4. Paying for services
Adequate funding for health is important to manage the excess demands on the health system. This section considers how countries are PAYING FOR COVID-19 SERVICES. Health financing describes how much is spent on health and the distribution of health spending across different service areas. The section also describes who is covered for COVID-19 testing and treatment, whether there are any notable gaps (in population coverage and service coverage), and how much people pay (if at all) for those services out-of-pocket.
4.1 Health financing
On March 18th, the Government of Montenegro stated that all medical equipment required for SARS-CoV-2 prevention, treatment and control is going to be purchased from the central budget, as well as all equipment, goods and services required for quarantine and for returning Montenegrin citizens from abroad (decision number 07-2091 available online at http://www.katalogpropisa.me/azuriranje-od-19-03-2020/).
The National Coordinating Body created the Operative Headquarters for International Aid, with the intent to attract and supervise aid from international institutions (EU, European commission, UNDP, World bank, NATO etc.).
On April 1st, the World Bank agreed to provide 5 million EUR support to modernize the health sector and address the COVID-19 pandemic.
On April 2nd, the European Union and UNDP signed a contract to support Montenegro with 100 ventilators, 10 mobile X-ray machines and PPE (amounting to 3 mil EUR) (http://www.gov.me/vijesti/223526/EU-donira-3-miliona-eura-za-nabavku-sto-respiratora-deset-mobilnih-rendgenskih-uredaja-i-kontigenta-zastitne-opreme-za-zdravstve.html). These funds are allocated from the Instrument for European integration (a part of the IPA 2018 program).
The International Atomic Energy Agency (through the project INT0098) has announced donating immunological and molecular technology kits (derived from nuclear sources) amounting to 170,000 EUR to be used for SARS-CoV-2 testing in Montenegro.
The Government welcomed the launch of a Country Preparedness and Response Plan costed at 59 million EUR. According to the Plan, this amount is to be mobilized and provided through the Global Fund for Preparedness and Response within 3 months. These funds were planned to be directed to address the needs of the health care system and to contain the socio-economic impact of the epidemic. Ten key points in the Plan are: social and economic challenges; statewide coordination; risk communication; supervision; border-crossing; case examination; national system of laboratories; infection prevention and control; case-specific management; multi-sector action on mitigating social and economic difficulties; logistics and acquisition (description available at http://www.gov.me/ResourceManager/FileDownload.aspx?rId=402967&rType=2.) However, no support had been received by 19 May 2020.
Through cooperation with the European Commission, an additional 50 million EUR are allocated from the programs IPA 2016, 2018, 2019 and 2020. The intention of the Government of Montenegro and the European Commission is that 9.5 million EUR are dedicated to support the public health system, with the remaining funds aimed to support the private companies suffering the most during the COVID-19 pandemic (description available at http://www.gov.me/ResourceManager/FileDownload.aspx?rId=402967&rType=2).
On April 13th, the Government of Montenegro formally joined the Procurement Agreement to procure medical countermeasures (authorized by the European Union) to facilitate the acquisition of drugs, medical equipment etc. (http://www.gov.me/vijesti/223737/Crna-Gora-pristupa-mehanizmu-EU-za-zajednicke-nabavke-ljekova-i-medicinskih-sredstava.html).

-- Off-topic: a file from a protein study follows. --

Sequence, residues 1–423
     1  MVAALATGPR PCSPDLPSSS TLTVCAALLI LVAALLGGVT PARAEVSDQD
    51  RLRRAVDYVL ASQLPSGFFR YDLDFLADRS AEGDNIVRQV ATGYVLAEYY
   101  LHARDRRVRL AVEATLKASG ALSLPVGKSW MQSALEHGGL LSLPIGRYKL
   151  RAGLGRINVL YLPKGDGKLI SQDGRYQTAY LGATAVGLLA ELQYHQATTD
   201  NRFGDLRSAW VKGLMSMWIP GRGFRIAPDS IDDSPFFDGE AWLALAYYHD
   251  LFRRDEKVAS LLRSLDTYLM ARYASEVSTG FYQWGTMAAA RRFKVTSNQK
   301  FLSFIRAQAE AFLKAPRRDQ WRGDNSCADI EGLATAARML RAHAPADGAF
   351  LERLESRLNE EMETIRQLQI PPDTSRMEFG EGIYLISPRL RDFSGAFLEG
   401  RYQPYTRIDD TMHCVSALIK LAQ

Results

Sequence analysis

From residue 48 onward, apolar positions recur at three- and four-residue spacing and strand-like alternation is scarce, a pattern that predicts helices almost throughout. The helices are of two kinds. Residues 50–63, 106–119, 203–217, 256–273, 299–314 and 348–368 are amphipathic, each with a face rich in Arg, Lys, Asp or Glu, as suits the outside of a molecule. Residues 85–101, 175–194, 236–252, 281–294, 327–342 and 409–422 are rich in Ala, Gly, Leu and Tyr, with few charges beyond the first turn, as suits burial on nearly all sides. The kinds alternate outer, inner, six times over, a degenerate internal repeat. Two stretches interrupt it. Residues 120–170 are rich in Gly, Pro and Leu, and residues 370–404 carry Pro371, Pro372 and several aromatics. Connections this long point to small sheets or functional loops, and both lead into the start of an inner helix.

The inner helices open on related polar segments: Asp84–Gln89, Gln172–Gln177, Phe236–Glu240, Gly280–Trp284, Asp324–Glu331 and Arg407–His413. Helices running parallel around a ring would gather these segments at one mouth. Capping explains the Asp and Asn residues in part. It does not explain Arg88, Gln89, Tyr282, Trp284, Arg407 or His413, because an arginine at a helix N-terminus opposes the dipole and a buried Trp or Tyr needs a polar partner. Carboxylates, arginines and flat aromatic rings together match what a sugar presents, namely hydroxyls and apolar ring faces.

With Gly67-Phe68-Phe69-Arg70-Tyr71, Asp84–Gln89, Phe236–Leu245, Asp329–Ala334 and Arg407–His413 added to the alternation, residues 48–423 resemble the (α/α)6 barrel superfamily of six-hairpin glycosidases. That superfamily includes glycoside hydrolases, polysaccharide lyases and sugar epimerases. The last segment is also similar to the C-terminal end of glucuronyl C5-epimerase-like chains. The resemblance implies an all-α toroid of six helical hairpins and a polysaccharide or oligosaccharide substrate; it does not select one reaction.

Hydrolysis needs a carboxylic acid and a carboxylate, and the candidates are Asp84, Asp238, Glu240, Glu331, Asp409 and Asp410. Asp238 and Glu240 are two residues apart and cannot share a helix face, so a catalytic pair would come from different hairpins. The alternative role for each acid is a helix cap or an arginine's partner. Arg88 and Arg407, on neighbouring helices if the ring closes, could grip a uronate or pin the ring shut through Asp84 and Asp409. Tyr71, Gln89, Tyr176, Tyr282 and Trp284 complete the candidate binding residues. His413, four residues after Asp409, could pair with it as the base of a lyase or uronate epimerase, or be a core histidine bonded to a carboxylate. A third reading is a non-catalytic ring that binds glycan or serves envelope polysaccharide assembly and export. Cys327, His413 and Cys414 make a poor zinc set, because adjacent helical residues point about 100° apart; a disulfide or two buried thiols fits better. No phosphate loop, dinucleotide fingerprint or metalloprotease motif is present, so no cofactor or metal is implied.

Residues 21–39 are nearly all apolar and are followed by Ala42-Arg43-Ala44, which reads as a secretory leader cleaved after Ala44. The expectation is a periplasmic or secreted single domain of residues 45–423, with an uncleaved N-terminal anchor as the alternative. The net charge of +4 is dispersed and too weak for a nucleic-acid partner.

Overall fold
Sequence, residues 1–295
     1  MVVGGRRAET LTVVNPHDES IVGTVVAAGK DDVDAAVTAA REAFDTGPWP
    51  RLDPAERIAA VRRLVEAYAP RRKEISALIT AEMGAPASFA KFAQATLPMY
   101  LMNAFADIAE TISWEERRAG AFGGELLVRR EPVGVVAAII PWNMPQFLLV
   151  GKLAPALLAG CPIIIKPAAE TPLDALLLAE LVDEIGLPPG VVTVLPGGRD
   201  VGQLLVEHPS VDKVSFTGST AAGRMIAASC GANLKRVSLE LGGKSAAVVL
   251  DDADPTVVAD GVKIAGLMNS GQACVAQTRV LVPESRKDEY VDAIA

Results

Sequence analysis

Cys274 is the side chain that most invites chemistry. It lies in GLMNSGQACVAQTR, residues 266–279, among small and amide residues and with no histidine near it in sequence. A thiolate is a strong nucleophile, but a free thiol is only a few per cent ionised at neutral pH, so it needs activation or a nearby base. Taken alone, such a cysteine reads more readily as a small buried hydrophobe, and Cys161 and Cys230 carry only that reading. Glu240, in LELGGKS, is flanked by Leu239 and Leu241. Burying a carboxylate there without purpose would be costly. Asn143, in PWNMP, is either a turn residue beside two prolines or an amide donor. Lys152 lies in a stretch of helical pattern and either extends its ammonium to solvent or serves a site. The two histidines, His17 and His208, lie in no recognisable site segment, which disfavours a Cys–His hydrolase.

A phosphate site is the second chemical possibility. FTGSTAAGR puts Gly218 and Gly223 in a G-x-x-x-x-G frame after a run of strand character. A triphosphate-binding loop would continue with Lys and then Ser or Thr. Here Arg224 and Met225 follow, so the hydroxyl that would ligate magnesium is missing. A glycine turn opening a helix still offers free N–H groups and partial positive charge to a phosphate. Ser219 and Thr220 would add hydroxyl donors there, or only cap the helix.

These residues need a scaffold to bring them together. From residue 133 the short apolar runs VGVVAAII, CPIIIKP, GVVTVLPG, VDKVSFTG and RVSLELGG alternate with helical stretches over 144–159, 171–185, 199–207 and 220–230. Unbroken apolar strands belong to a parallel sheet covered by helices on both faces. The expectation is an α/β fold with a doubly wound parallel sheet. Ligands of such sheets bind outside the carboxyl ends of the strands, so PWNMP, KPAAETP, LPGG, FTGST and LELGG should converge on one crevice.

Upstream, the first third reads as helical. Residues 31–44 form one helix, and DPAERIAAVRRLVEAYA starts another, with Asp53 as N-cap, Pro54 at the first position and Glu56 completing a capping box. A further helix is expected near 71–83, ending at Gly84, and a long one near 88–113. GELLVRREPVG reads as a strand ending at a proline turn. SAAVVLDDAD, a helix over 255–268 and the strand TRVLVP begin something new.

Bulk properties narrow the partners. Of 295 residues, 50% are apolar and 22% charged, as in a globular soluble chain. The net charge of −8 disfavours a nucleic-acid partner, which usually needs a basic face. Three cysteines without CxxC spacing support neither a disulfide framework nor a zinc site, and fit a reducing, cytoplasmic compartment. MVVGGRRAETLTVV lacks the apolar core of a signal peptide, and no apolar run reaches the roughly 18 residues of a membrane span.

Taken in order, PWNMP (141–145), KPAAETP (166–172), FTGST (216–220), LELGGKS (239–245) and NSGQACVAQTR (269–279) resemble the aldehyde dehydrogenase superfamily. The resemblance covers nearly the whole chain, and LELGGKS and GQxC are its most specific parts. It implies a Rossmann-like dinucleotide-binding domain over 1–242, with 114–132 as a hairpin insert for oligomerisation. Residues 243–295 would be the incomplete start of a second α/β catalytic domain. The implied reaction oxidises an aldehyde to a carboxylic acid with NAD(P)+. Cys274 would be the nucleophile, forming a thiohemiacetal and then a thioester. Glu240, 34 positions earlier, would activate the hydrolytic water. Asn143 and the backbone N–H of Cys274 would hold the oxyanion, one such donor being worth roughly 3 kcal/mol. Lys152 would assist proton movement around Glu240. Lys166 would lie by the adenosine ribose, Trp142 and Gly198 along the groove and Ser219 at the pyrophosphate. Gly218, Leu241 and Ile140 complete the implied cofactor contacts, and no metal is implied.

Based on the needs reflected in the Country Preparedness and Response Plan, WHO provided support amounting to 750,000 USD to support the strengthening of surveillance capacities, laboratory capacities and the procurement of equipment.
The money donated to the National Coordinating Body for Combatting Infectious Diseases (by the Government of Montenegro) is used to purchase the medical equipment and drugs required for COVID-19. All donations are centralized (to the National Coordinating Body), and the Government and the Healthcare Crisis Response Team control the distribution of donations. The Government Health Fund also supports the acquisition of medical equipment. So far, 317 benefactors donated nearly 7 million EUR to the National Coordinating Body to combat COVID-19 (daily update available at https://www.coronainfocg.me/me/donacije).
There were benefactors who donated goods rather than money (e.g. ventilators) with a wish to distribute them to a certain healthcare institution; this wish was respected by the Government.
Regarding the capital investment projects that are planned to be undertaken from the donated money (besides purchasing ventilators, tests, PPE and other equipment), the reconstruction of the Clinic for Infectious Diseases (at the Clinical Center of Montenegro) is planned to start in the next several months.
All healthcare workers received a 15% pay rise in March and April (see Section 2.2).
All institutions from the private sector who cooperate with the public sector offered their services for the common good (without payment from the Government Health Fund or from patients). The private healthcare institution Codra provided all necessary gynaecological and obstetric staff and equipment required for the deliveries of COVID-19 pregnant women. The private healthcare institution “Filipovic Polyclinic” provided their ambulance vehicles (for transporting patients from their home to the hospital and back, as well as for transporting citizens from the borders to the quarantine locations). The private healthcare institution “Milmedika” offered their laboratory equipment for all laboratory analyses of patients in field hospitals.